getting the right cable was a huge and costly headache -- do not believe their claims of being able to work with cat 5 or cat 6 cable. what they claim to be able to do is to work with any cable that is rated for 1 Gbps and that they will overdrive it and push a...
getting the right cable was a huge and costly headache -- do not believe their claims of being able to work with cat 5 or cat 6 cable.
what they claim to be able to do is to work with any cable that is rated for 1 Gbps and that they will overdrive it and push a 4.9 Gbps signal through it. perhaps for very short distances this actually works. but in reality these misleading claims produce a huge headache and an unusable quality of signal. specifically cat 6 cable does NOT work and don''t even think of using cat 5.
What does work is a 100 foot cat 6A or cat 7 cable rated for 10 Gbps. Once that was installed the 1920x1080 @ 60Hz signal was great.
subtracted 2 stars because of the misleading claims that caused me a huge headache, I foolishly didn''t take the extra time to set up a test because of the hassle involved of moving the computer, so instead I ran the cable through the attic and then had to go out and buy another/better cable and run that after I couldn''t get the first cable to work.
Further Note: originally I had planned to use a wireless system. But after reading tons of reviews I concluded that the wireless systems are unreliable and have poor quality images (the video signal gets compressed and degraded) and I only found one of them where people were happy with the speed. every single wireless unit that I read about (but one) introduces a perceptible delay between the source and the projected (remote) image. if your audio is taken from the source then this delay is unacceptable. that is the reason I chose to go with a wired system even though I really wanted to avoid the install.
after reading tons and tons and tons of reviews. I chose this wired system and I am happy to report that with the correct high speed cable, this system works great. I was unable to observe any perceptible delays and the image quality is indistinguishable from a direct connection to the monitor/projector.
1) If possible, test first before you run the cables through walls and attic etc.. I know it''s a hassle to move the computer, but it is a much bigger hassle to have to redo everything.
2) this uses some switches to set the signal strength. The thing is though that if the signal is too strong it won''t work and if it is too weak it also won''t work. and there is not any good indication either, which basically leaves you guessing. With a long cable, try starting at the highest strength setting and work your way down, with a short cable start at the lowest setting and work your way up. Set the computer (video source) to display a static image at the desired resolution. Although not strictly necessary, I found it helpful to cycle the power on the box every time I changed the switch setting (but see below for note about the power). and then wait for about 30 seconds to see if it succeeds in syncing. once I got a signal then I went one step further on the switches. so if you started with the strongest signal go down (weaker) by one more step. and if you started at the weakest signal, go up (stronger) by one more step. this ensures that you are not sitting on the edge of a borderline signal and are solidly in the zone.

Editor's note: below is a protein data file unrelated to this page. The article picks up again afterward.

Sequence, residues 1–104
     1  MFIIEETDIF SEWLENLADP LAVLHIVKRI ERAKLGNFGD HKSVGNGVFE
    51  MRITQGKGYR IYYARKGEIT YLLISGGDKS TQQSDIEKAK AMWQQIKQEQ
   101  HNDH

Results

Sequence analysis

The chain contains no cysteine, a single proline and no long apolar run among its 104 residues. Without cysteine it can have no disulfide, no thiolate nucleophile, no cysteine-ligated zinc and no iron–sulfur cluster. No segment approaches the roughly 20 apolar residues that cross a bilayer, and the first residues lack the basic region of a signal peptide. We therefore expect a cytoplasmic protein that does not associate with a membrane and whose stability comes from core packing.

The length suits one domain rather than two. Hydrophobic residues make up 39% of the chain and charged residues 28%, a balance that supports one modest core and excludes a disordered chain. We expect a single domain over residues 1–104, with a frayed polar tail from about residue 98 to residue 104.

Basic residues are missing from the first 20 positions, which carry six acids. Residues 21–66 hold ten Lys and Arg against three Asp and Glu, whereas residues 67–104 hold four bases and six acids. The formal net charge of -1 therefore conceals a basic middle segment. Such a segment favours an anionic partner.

3) Power is weird but handy... if you look at the pictures, in a previous model, only one end -- the transmitter -- had a power plug (and supply), the other end did not. In the model that I received, both ends are powered and come with power supplies (aka wall wart). But here is the thing... this system uses POE = Power Over Ethernet. What that does is that it sends DC power over the same cable that is used for the signal. This is a Very Nice Feature. It means that you only have to plug in one side, either the transmitter or the receiver and both sides will receive power. You can also plug in both sides and that does not appear to cause any problems. But note that if you do this and you want to cycle the power on the receiver box you must unplug both it''s power and the network cable, otherwise it continues to be powered over the network cable and does not do a reset.
4) The pass through video (AKA Loop video) is very useful for troubleshooting and during configuration of the signal strength setting. the transmitter box has an HDMI Out that you can plug a monitor into. it also has an EDID switch. What EDID does is it allows the computer (or whatever) to ask the monitor what resolutions and frequencies it can display. the computer (or other video source) then selects a resolution that it knows how to support, from the list of available resolutions. But what happens when it can''t get a signal from the remote monitor due to a faulty cable? chaos!!! that''s what. So to avoid this mess, set the EDID switch to use the directly connected monitor as the source for the resolution info. then you will have a stable video output while you try various signal strength settings. Once you have it working, don''t forget to set the EDID switch back to the remote monitor unless the pass through monitor is going to be permanently attached, otherwise the next time you cycle the power you will be back to chaos...
Bottom Line: It was a pain to get this working, especially because of them saying it will work with cables that won''t actually work (also the docs aren''t great, but that is pretty typical). But once you get it running, it is a great system and worth every penny. We are very happy with it, even if I did have to crawl through the attic twice.
Disclaimer: I paid full price for everything. I rely heavily on the reviews of other people. If you found this review helpful I would be grateful if you give it a Like. Thank You.